Planets change positions in the sky as they orbit around the Sun. To locate the planets on a given day or month, consult a monthly astronomy magazine such as Sky and Telescope or Astronomy.
Mars is about half the diameter of Earth and appears through the telescope as a tiny reddish orange disk. It may be possible to see a hint of white at one of the planet's polar ice caps. Approximately every two years, when Mars is closest to Earth in its orbit, additional detail and coloring on the planet's surface may be visible.
Jupiter is the largest planet in our solar system and is 11 times the diameter of Earth. The planet appears as a disk with dark lines stretching across the surface. These lines are cloud bands in the atmosphere. Four of Jupiter's moons (Io, Europa, Ganymede, and Callisto) can be seen as "star-like" points of light when using even the lowest magnification. These moons orbit Jupiter so that the number of moons visible on any given night changes as they circle around the giant planet.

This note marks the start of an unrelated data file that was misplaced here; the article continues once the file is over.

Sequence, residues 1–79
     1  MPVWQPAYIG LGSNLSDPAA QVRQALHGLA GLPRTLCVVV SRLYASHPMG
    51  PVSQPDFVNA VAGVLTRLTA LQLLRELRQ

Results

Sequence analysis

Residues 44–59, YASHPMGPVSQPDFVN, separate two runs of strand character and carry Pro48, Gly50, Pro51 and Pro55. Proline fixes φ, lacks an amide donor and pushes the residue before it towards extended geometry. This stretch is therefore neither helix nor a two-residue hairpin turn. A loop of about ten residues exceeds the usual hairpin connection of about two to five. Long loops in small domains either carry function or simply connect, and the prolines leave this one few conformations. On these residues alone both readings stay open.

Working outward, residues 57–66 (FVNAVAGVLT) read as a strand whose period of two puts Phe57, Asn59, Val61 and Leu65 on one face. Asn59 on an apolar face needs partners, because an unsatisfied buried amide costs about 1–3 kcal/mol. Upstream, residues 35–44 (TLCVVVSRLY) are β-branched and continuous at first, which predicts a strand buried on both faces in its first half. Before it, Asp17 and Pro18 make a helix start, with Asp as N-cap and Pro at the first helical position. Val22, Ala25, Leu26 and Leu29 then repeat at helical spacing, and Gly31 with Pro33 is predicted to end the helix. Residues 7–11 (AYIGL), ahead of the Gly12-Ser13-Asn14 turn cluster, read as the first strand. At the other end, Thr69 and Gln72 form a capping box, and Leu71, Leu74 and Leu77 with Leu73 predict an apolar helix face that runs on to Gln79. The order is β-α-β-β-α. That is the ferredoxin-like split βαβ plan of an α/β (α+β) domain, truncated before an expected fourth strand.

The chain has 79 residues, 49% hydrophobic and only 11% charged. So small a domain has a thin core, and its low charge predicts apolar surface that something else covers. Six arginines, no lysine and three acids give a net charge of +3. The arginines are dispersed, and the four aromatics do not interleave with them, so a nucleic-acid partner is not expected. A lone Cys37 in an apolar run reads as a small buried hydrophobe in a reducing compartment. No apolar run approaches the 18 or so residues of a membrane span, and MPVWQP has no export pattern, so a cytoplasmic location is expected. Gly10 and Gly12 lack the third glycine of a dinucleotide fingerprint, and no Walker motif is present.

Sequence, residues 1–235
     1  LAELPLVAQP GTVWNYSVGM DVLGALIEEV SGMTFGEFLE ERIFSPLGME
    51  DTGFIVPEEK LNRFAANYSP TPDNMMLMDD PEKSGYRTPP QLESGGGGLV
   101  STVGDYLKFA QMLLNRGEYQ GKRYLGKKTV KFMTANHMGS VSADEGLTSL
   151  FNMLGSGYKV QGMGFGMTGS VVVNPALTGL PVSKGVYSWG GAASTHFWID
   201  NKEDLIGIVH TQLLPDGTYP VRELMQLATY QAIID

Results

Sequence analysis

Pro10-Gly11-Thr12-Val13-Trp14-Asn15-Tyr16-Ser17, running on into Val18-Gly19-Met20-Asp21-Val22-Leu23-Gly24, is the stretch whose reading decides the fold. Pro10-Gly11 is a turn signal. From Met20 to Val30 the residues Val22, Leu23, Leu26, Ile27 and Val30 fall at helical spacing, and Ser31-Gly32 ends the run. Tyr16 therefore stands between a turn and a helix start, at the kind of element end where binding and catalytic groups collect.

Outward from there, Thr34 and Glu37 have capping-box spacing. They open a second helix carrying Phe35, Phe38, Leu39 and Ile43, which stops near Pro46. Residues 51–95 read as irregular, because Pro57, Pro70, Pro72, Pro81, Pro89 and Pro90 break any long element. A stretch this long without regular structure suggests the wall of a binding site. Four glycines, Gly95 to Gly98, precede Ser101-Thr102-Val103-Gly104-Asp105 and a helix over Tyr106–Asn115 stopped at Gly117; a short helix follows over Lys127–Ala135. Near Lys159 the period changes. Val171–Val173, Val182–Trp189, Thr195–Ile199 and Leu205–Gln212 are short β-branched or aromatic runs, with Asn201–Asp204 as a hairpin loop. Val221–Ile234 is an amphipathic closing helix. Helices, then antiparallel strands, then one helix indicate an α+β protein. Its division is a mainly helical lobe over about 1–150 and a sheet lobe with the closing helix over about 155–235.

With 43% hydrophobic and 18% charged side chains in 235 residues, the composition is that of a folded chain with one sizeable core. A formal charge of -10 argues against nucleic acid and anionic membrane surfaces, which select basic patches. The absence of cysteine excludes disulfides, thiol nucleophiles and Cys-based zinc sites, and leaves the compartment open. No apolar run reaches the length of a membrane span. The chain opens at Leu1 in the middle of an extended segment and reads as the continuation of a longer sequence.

Saturn is nine times the diameter of Earth and appears as a small, round disk with rings extending out from either side. In 1610, Galileo, the first person to observe Saturn through a telescope, did not understand that what he was seeing were rings. Instead, he believed that Saturn had "ears." Saturn's rings are composed of billions of ice particles ranging in size from a speck of dust to the size of a house. The major division in Saturn's rings, called the Cassini Division, is occasionally visible through some telescopes. Titan, the largest of Saturn's moons can also be seen as a bright, star-like object near the planet.